Menu Close

The study was structured in two phases: a concomitant phase (gefitinib or placebo with chemoradiation) and a maintenance phase (gefitinib or placebo alone)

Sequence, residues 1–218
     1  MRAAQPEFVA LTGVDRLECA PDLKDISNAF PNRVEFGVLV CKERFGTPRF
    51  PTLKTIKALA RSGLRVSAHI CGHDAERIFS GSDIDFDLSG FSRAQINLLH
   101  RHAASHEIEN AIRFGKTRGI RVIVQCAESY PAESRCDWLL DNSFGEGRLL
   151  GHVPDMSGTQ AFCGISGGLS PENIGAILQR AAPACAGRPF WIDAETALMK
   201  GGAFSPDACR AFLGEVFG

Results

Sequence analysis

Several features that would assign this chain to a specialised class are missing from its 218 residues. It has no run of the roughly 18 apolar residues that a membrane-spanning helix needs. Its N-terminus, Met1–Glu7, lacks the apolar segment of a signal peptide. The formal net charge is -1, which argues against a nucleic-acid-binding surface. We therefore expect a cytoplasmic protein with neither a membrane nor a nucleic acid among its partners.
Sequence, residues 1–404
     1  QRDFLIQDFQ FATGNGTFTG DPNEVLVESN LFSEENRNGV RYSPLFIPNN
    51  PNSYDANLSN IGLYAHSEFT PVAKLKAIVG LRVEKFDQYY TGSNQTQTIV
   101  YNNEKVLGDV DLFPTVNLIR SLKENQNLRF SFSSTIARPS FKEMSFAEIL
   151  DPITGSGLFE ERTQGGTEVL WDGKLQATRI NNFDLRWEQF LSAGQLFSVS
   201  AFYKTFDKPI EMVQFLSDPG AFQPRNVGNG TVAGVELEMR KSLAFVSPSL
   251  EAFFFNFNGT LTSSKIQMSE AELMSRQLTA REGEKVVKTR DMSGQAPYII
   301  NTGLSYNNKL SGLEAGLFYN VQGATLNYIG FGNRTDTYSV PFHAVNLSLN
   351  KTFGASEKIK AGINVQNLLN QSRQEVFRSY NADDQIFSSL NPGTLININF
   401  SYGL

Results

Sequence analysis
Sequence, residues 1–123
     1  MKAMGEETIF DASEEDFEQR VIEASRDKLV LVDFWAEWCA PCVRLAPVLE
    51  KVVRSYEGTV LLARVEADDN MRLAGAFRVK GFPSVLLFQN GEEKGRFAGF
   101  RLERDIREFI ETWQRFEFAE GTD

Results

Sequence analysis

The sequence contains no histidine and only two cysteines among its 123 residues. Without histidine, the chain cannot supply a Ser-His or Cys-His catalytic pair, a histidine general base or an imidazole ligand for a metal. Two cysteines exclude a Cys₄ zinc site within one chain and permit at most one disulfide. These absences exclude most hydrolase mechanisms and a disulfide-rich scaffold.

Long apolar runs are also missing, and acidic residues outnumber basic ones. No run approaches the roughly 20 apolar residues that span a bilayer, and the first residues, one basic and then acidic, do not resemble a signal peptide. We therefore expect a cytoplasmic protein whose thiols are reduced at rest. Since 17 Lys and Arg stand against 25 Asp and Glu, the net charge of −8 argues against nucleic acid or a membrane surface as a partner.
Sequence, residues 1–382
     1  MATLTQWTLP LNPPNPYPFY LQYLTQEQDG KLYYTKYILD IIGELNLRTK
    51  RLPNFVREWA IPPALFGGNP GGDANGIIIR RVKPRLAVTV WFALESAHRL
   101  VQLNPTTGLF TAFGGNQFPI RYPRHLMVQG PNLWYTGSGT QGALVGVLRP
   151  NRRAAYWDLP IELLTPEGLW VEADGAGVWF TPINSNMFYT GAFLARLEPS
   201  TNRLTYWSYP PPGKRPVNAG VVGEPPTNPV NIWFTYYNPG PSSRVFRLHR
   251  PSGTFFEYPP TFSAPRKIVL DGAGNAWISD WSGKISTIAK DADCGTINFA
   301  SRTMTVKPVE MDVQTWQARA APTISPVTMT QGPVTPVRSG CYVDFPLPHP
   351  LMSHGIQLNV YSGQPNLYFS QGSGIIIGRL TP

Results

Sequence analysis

The study was structured in two phases: a concomitant phase (gefitinib or placebo with chemoradiation) and a maintenance phase (gefitinib or placebo alone). deserves to be further explored. with and without radiation in human SCCHN cell lines. They found that combining cetuximab and radiation therapy with adjunct treatment that targets the JAK1 enhances the anti-proliferative, apoptotic, and radio-sensitizing effects of radiation, causing an increase of unrepaired radiation-induced DNA double-strand breaks when cells are exposed to both drugs [15]. In addition, clinical evidence also shows that the EGFR CD246 blockade activates the MET pathway (as a compensatory mechanism, thus causing resistance to EGFR inhibitors. This further supports the strategy that aimed at pathways [16]. Another mechanism that supports the innovative strategy of integrating with a combined therapeutic approach is the cross-talk between survival pathways. Several clinical studies have yielded positive results when using a combination of bevacizumab, cetuximab, and chemotherapy in addition to radiation or when adding bevacizumab to the combination of erlotinib, chemotherapy, and radiation [17C19]. Further exploration of these combined strategies and their safety profiles thus seems like a promising direction to pursue. Moreover, there is also evidence of the Hedgehog pathway being relevant to a novel cetuximab resistance mechanism involving (EMT). Specifically, a recent phase I trial has shown that cetuximab in combination with IPI-926, a hedgehog pathway inhibitor, yields anti-tumour activity with well-tolerated toxicities [20]. Inhibition of EGFR: monoclonal antibodies and tyrosine kinase inhibitors There are two main ways to inhibit EGFR signalling pathways: monoclonal antibodies targeting EGFR, which directly interfere with the ligand receptor, and tyrosine kinase inhibitors, which block the intracellular domain with tyrosine kinase activity [1]. Monoclonal antibodies When speaking of SCCHN, the most investigated monoclonal antibodies that specifically bind to EGFR LTβR-IN-1 are cetuximab, panitumumab, nimotuzumab, and zalutumumab. Table?1 summarizes the main trials in locoregionally advanced SCCHN. Table 1 Main trials with monoclonal antibodies associated with radiotherapy in locally advanced SCCHN cetuximab, panitumumab, nimotuzumab, zalutumumab, nimorazole, cisplatin, chemotherapy, radiotherapy, locoregional control, Overall Survival, response rate, Progression-Free Survival, response rate, grade Cetuximab was the first monoclonal antibody to be investigated and until now has been deployed in various treatment strategies based on radiation therapy (which we discuss in detail below). The pivotal study by Bonner et al., already mentioned above and discussed in several journals, showed that in cases of locoregionally advanced SCCHN, patients treated with a combination LTβR-IN-1 of cetuximab plus radiotherapy had an advantage in 5-year overall survival (OS), compared to those threated by radiation alone (5-year OS 45.6% vs. 36.4%). In addition, overall survival improved significantly if the patient developed rashes of grade-2 severity [6, 21]. Cetuximab plus LTβR-IN-1 radiation has also been investigated after induction chemotherapy (docetaxel, cisplatin and 5-fluorouracil, TPF). For instance, the Tremplin study, which explored a new combination strategy for organ preservation in cases of laryngeal and hypopharyngeal cancer, involved TPF followed by radiation in combination with either cisplatin or cetuximab. The study proved that there was no difference in disease control and in overall survival between the two combinations. The only differences found were that cisplatin yielded higher local control and that only the cetuximab treated group required salvage surgery [22]. A Spanish trial investigated the same strategy in cases of locally advanced SCCHN, most of which HPV negative. The results showed a trend of better PFS (HR 1.20) and OS (HR 1.17) when using cisplatin in addition to radiation after induction TPF [23]. As expected, the two drugs yielded a very different toxicity profile: cetuximab was associated with more mucosal and skin toxicity and cisplatin with greater nephrotoxicity. Another important trial study, known as GORTEC 2007C02, compared the use of chemoradiation (with carboplatin and 5FU) in concurrence with induction TPF followed by radiation with cetuximab, in locally advanced clinical stage N2b-N3 SCCHN and found no difference between the two test groups. This suggests that concurrent chemoradiation (even if not performed with cisplatin) remains the best treatment also with a high burden of nodal disease [24]. Another randomized phase II trial, instead, explored an adjuvant treatment strategy that consisted of administering cetuximab for twelve weeks after use in combination with radiotherapy. Despite favourable results for locoregional control after 1?year, no difference was observed at the 2-year stage [25]. There is also a number of.